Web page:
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Dr. Jon Hageman
Dr. Jon Hageman

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Research @NEIU: Anthropology Professor Joins Field Museum, Receives Federal Grant To Build Plant-Use Database

Dr. Jon Hageman, Associate Professor in Anthropology, has been appointed Research Associate at the Chicago Field Museum, in recognition of his work with the museum's Searle Herbarium. Dr. Hageman also received a National Science Foundation grant from the area of Behavioral and Cognitive Sciences (Archeaology-Senior Research Program) to complete an online Mesoamerican ethnobotanical database. 

Ethnobotany is a multidisciplinary area of research that, broadly, explores the relationships and interactions between people and plants. Specifically, ethnobotanists study the traditional knowledge and customs of a people regarding the uses of plants, including medicine, food, construction, fiber, ornamental, resin, and religious uses. Disciplines contributing to ethnobotanical inquiry include botany, anthropology, chemistry, religious studies, nutrition studies, comparative folklore, and archaeology.

Together with his colleagues, Dr. Hageman will complete the Mesoamerican Ethnobotanical Database (MED), an online ethnobotanical reference for over 1400 plant species. Currently, ethnobotanical information and scaled color images of plants, wood, seeds, fruits, and flowers do not exist in one published source. There is a lack of comprehensive reference and plant identification resources, particularly online databases. The MED database will remove these obstacles. The database could also be used to facilitate new research agendas, including ancient medicine, and aesthetics, and create a more comprehensive understanding of ancient diet.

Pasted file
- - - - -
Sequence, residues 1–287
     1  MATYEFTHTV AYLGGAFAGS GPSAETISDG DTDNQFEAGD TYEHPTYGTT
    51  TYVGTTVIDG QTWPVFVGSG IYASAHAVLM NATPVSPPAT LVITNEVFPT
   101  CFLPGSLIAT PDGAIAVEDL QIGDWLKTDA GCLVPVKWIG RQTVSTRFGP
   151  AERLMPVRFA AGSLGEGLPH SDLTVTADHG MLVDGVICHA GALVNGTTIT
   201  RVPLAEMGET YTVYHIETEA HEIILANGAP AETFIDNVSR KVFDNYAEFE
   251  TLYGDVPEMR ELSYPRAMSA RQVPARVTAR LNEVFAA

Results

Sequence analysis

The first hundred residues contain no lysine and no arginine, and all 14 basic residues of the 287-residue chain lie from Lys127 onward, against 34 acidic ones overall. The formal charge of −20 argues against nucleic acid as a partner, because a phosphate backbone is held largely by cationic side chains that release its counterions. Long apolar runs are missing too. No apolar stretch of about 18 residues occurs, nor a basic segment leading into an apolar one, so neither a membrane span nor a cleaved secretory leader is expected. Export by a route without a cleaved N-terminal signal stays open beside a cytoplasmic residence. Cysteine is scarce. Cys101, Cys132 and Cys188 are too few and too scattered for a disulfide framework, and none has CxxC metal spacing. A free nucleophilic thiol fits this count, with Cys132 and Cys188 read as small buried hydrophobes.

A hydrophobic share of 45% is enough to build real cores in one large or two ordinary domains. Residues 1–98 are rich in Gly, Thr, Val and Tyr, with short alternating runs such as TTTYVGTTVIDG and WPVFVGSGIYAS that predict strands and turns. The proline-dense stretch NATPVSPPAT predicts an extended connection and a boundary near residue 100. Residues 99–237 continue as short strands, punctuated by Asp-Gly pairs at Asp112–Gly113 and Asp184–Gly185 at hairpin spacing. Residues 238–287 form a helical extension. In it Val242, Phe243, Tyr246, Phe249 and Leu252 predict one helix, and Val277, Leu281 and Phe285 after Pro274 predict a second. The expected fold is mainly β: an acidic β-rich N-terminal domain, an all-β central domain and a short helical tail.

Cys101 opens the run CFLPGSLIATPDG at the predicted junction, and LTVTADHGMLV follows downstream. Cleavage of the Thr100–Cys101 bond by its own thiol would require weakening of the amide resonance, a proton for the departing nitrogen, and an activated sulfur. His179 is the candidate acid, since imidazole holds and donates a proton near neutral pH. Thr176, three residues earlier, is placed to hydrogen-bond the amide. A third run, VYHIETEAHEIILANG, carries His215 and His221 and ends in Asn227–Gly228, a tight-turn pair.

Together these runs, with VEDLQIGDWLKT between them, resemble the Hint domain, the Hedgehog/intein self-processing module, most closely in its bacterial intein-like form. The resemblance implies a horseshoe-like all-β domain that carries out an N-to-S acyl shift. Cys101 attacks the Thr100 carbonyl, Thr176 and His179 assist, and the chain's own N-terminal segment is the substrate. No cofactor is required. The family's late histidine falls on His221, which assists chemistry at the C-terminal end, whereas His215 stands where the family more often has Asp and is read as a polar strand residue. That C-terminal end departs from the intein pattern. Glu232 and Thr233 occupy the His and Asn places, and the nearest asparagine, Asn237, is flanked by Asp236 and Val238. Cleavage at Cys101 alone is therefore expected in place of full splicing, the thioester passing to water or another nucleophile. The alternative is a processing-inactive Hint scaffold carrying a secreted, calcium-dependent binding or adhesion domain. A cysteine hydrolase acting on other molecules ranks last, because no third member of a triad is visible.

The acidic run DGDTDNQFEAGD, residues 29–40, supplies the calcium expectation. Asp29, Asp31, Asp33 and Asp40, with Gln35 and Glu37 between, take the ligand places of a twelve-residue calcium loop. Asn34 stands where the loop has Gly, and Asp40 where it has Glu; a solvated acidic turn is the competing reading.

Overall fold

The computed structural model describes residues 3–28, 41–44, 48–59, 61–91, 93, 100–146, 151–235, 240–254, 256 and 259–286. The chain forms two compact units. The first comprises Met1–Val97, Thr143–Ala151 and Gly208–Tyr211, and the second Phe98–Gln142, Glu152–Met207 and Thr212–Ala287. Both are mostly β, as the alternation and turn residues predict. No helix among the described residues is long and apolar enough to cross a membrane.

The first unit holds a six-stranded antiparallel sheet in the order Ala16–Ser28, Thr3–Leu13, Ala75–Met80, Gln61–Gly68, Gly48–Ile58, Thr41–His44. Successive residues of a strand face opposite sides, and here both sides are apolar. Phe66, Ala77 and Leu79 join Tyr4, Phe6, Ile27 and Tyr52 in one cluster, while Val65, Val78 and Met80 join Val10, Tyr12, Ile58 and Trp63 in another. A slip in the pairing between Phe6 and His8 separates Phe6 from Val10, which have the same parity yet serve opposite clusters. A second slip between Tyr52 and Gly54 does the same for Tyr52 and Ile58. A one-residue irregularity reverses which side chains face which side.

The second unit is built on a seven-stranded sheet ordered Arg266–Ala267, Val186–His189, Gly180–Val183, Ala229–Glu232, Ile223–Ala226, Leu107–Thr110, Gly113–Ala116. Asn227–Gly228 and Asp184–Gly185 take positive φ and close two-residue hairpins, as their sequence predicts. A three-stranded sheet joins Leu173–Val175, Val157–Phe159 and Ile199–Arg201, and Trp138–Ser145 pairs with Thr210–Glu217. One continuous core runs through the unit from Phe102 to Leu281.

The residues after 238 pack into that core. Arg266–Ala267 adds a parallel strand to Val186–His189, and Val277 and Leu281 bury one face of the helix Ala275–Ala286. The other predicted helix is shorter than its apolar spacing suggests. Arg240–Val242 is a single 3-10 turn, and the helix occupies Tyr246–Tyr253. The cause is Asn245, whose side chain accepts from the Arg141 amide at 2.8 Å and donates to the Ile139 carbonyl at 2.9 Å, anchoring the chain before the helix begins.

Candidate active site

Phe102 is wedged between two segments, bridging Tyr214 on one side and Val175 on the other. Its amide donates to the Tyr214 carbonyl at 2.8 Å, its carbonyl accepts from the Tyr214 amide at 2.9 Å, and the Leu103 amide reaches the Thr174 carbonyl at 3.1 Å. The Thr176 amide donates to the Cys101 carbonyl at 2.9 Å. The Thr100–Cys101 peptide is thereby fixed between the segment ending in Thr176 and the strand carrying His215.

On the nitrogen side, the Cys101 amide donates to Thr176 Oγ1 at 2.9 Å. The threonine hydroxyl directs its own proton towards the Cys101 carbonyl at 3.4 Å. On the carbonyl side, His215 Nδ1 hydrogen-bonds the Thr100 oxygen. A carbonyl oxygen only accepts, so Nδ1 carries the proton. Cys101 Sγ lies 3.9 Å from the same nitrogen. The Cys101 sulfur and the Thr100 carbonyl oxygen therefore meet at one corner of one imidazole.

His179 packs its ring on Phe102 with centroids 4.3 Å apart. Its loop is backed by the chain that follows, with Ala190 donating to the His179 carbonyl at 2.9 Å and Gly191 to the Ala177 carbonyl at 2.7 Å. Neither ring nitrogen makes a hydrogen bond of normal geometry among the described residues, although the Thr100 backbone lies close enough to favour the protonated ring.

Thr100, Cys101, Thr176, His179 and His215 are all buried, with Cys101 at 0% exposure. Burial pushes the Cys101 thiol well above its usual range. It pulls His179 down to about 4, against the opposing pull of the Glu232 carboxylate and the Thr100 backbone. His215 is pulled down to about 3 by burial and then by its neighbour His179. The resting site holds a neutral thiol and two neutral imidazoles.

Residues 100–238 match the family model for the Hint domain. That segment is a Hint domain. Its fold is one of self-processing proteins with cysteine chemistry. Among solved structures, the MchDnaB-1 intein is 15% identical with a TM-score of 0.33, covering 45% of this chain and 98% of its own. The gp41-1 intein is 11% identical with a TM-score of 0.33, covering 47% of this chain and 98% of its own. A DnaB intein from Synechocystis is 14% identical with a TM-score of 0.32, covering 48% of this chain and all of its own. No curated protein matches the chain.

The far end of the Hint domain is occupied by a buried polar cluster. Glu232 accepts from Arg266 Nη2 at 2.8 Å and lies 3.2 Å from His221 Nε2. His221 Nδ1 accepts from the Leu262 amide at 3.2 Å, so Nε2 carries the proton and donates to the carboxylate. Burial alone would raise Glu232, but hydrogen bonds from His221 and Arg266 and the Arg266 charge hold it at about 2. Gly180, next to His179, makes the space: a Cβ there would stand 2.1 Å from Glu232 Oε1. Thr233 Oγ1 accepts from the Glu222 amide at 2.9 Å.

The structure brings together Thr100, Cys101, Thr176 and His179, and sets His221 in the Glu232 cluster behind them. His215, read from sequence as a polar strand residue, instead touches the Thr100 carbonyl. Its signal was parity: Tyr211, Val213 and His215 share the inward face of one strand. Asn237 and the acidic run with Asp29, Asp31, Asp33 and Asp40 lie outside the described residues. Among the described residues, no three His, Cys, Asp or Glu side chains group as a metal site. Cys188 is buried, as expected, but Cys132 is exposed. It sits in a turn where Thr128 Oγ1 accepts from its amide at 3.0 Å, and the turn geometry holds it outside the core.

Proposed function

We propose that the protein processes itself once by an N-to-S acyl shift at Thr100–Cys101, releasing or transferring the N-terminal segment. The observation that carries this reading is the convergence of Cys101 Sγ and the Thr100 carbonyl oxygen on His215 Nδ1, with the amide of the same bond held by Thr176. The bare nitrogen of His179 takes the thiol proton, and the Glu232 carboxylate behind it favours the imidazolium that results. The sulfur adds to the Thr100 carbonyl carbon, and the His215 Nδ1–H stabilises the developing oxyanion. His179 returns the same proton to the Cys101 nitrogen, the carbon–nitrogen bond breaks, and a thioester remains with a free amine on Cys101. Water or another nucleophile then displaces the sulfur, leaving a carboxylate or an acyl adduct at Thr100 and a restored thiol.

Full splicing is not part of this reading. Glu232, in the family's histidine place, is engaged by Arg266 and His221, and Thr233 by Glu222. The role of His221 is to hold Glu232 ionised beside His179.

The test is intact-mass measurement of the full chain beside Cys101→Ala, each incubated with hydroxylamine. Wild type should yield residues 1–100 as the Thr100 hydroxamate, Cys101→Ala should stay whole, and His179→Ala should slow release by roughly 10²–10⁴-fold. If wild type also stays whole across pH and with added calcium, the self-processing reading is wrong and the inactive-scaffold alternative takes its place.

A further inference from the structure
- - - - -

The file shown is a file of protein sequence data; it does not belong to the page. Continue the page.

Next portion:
By making this database available online, Dr. Hageman and his colleagues will make open the resources of the Field Museum of Natural History's Searle Herbarium (known for its extensive New World tropical plant collections) to traditionally underserved scholars, particularly those in smaller institutions located far from large herbaria and those in Latin America. Underserved scholars will have a bounty of information available to help train new generations of students and foster novel research in the area of ethnobotany. Using the database, plant identification can be taught to undergraduate and graduate students in archaeology, cultural anthropology, and botany.  

The preliminary version of the MED is available for use. It can be accessed at: http://emuweb.fieldmuseum.org/botany/search_mesoamerican.php

Dr. Hageman is an archaeologist interested in the meanings of plants and animals consumed by the ancient Maya. His interest is in the ways in which plants were used as components in the creation and maintenance of social inequality in Pre-Columbian Maya society.  

Note: in addition to this award, two other Northeastern Illinois University faculty have received National Science Foundation research grants. Dr. Breckie Church, Psychology, was awarded a grant in 2009, and Dr. Zhonggang Zeng, Mathematics, received two: one each in 2004 and 2007.

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